The Motley Fool points out three emerging oil companies that investors should watch out for. Parsley Energy, Core Laboratories, and Atwood Oceanics may not yet ring a bell in the minds of industry experts and oil consumers alike. However, their growth potentials are significant. Investors would also be well-advised to purchase shares and stocks from these companies while they are still nascent. Once they do become big and reach household-name status, the value of those stocks would likewise be higher.
Parsley Energy has an overall organization value of $7 billion. This relatively modest amount obscures it from the radar of the moneyed who tend to bet on companies that have twice or three times that value. What is impressive about Parsley Energy is its 68 percent growth in 2015. This was a time when most other oil companies are struggling, losing revenues, or shutting down. Supporting this is the 60 to 90 percent return on investment from the active wells that are undergoing drilling.
Parsley Energy was able to deliver high revenue on investment (ROI) because it kept its costs low while maximizing each resource. It also avoided the usual strategy of oil companies of making huge loans in order to fund capital or operational expenses. Instead, it banked on its equity to find the monies it needs. Another asset is its founder Bryan Sheffield, a third-generation oilman who knows the industry with a depth few have. His father, Scott Sheffield, founded Pioneer Natural Resources which put the Permian Basin on the oil drilling map.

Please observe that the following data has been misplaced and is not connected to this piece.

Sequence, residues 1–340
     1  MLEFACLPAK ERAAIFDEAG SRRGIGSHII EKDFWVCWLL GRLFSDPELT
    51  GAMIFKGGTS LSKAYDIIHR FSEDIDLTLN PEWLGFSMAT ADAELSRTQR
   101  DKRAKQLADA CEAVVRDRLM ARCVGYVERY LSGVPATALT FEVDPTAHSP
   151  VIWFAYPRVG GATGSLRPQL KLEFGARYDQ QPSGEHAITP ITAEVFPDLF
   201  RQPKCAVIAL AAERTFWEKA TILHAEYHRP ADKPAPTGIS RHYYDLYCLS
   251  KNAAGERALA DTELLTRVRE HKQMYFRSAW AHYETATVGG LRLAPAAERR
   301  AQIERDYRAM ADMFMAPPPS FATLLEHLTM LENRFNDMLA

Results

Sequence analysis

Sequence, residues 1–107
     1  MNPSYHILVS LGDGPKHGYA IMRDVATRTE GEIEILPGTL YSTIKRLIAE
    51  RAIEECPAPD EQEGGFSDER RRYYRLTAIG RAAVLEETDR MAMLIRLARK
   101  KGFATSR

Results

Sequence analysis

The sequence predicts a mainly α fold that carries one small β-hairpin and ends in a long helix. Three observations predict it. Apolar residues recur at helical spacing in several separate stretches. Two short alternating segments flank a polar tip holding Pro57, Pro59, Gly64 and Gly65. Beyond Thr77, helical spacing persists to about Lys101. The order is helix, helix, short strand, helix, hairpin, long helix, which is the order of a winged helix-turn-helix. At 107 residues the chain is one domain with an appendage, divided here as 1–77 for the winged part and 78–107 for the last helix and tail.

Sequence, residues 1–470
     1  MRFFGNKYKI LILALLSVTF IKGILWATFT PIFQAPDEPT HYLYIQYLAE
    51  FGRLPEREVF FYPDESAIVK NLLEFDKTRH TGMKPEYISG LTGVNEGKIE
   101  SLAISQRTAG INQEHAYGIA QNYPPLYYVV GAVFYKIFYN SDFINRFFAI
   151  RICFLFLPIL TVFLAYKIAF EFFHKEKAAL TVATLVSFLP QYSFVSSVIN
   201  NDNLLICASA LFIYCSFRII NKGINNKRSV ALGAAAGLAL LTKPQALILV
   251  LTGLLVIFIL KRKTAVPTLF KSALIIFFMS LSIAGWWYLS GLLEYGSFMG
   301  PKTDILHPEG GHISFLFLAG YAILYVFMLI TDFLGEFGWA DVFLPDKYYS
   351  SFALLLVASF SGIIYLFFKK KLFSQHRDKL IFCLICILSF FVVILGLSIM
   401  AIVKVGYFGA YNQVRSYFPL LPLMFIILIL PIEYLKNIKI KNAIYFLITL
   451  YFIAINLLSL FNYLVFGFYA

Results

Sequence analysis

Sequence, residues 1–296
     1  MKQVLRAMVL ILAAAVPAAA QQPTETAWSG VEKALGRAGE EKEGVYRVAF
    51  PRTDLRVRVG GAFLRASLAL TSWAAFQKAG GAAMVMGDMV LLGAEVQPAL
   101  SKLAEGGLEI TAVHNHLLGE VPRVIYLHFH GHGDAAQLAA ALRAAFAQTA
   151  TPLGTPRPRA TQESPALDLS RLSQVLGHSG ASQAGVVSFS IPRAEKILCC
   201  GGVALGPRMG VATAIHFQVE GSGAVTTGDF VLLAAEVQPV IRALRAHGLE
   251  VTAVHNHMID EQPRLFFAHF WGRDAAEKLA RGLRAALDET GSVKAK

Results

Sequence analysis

Oil companies differentiators
The second emerging oil company, Core Laboratories, has garnered interest by returning more than a 20 percent interest on capital investments. Its liquidity is very high, with a healthy cash flow that springs from 23 percent of its revenue.
Core Laboratories deserves watching because its unique services have enabled it to create its own niche in the struggling industry. Instead of providing, manufacturing, and shipping commodities, its main core business lies in giving oil companies crucial information that would impact their major business decisions. It analyzes data culled from many oil and gas reservoirs. It then makes recommendations on how to make their processes more productive and escalate their outputs.
At a time when medium-sized oil gas companies are trying to establish their key differentiators that can set them apart from competitors, Core Lab’s intelligence might prove to be their secret ingredient for success.
Finally, Atwood Oceanics demand investor scrutiny and caution. This is because some burdensome limitations hold back its potential. The offshore driller did suffer some loss of projects and employees. It also is wrestling with cash flow problems to keep its operations running.
However, what sets is apart from its contemporaries is its potential to endure the current economic downturn and any of its debilitating consequences. Other oil companies have exposed themselves to billions of dollars in debt. On the other hand, Atwood Oceanic’s remains at a mere $1.4 billion. This amount is more than recoverable, based on industry standards. Once Oceanic goes through the current crisis, its manageable debt can help it bounce back, and leapfrog into the frontline of the industry.
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